I will be perfectly honest: if it were asked of me, right now, to lay down my life because it would contribute any measure of goodness AT ALL to the world, my eyes wouldn’t have time to blink before I submitted to that request.
If I were a person differently situated, at a stage of life that held more promise of my generative success to give back something meaningful with my efforts, I might at least ask one or two probative questions prior to jumping on that request like it is the best deal in town wrt getting this living crap
over with, already.
That simply isn’t the best head space to indulge oneself. The mind can be a dangerous neighborhood to roam around when it is dark inside.
What I find much more confounding than having these kinds of thoughts, is the willingness of many people to over react to their suspicion someone is suicidal, even making a 911 call based on no other input but what they presume true, to prevent the person from ending their life, but are just as unwilling to make more than the least effort to provide that same person help that would help improve that same life or even prevent that life being otherwise lost to brutal forces such as exposure, illness, or as the slow wasting away in a state of despair and poverty.
These people won”t help a person to change what puts their life at risk yet believe they should make.sure the other person is kept from deciding what they are willing to endure before choosing not to live as they do not wish. So, you not only consider my life unworthy of your trouble but you also fel entitled to decide I have to live no matter how much suffering must continue.
I bet you don’t think you know anyone that would fit this description.
I think it much more probable that you might be this person and not be aware that you are.
I like to tell myself I can think upon emotionally charged concepts rationally if I am committed to intellectual honesty, allowing for many possible points of view.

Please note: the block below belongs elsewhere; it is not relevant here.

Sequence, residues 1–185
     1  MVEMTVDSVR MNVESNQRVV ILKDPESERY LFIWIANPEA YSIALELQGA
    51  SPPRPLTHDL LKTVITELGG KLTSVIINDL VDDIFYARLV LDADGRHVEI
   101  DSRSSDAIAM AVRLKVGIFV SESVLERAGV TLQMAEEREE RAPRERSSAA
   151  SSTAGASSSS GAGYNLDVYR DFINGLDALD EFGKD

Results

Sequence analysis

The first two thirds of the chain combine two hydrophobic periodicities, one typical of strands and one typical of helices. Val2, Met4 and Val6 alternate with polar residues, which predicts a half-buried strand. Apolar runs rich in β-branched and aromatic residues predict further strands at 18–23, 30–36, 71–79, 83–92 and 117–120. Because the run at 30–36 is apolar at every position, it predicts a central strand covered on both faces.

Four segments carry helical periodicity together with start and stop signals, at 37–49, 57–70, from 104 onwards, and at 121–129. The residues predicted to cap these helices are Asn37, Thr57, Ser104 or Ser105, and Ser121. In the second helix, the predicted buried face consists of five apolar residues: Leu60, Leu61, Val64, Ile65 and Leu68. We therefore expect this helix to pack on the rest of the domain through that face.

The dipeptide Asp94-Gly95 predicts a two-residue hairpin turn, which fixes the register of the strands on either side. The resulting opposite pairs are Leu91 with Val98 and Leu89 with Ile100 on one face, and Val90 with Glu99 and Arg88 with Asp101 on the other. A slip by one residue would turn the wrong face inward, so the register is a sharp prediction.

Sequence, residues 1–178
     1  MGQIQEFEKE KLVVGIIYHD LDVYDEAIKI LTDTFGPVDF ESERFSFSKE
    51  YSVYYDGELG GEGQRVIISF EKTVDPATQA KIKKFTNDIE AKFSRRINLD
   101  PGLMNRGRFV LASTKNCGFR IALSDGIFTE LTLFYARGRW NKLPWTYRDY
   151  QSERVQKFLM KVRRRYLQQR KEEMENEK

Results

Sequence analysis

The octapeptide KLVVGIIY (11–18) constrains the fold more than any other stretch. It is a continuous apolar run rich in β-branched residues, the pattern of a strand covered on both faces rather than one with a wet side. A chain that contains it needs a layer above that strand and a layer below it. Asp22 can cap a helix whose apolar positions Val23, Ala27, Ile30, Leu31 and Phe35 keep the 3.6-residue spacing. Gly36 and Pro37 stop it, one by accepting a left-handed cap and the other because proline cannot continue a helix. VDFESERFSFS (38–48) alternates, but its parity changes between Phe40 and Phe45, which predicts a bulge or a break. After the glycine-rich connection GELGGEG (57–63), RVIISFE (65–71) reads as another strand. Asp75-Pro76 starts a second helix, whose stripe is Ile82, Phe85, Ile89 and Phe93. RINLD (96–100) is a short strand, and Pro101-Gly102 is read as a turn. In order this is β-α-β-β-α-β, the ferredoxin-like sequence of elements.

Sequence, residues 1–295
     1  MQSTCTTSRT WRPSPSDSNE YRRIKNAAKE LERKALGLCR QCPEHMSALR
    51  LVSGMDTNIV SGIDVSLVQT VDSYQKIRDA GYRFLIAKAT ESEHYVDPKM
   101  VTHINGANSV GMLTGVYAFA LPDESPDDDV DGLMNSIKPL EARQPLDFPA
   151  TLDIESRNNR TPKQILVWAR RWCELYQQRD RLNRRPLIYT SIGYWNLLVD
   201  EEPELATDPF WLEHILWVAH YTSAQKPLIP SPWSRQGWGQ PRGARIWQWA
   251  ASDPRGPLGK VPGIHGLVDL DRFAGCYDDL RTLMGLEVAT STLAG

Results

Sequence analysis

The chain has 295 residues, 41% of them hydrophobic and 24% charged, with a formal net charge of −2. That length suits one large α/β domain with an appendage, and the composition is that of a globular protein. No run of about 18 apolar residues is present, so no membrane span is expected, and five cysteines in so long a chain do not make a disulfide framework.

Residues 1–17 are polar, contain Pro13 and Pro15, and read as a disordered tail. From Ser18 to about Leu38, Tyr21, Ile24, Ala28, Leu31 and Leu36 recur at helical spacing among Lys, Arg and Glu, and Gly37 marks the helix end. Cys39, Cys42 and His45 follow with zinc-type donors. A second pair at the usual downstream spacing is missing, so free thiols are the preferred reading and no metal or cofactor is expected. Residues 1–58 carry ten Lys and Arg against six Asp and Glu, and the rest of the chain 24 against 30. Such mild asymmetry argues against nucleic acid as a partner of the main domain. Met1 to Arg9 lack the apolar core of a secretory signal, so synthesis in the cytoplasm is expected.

So, I would also like to believe I have come to my conclusions as the consequence to this rigor in practice.
I have concluded that the person described as giving inconsistent messages about the value of another person”s life is a person common to many many more than people actually believe.
All of us think we are much nicer people than our behavior and thoughts reflect.
What we want to do and even say we will do is not the same as what is actually done. But, we credit ourselves for thinking about doing good despite not delivering on that thought. And if the conscience is pricked, there is always a very justifiable excuse why our actions aren’t following from the truly good thoughts we may mistake as intention.
Thinking something does not make it true. Emotions, no matter their strength, are not facts. Help is not what is done to someone, but what is done for someone that includes what the person helped knows is or is not helpful.
Much of what we do that we assert is help causes the one needing help more problems that worsen their state. Then, they also are criticized as being ungrateful.
If you presume to know more about what will help me than I do, or if you presume helping me can be successful without consideration of my input or without regard to potential risk of causing harm, I want to be very clear and direct: You are a dangerous person and until you correct your thinking, I will keep a safe distance between us when I am in a state of vulnerability.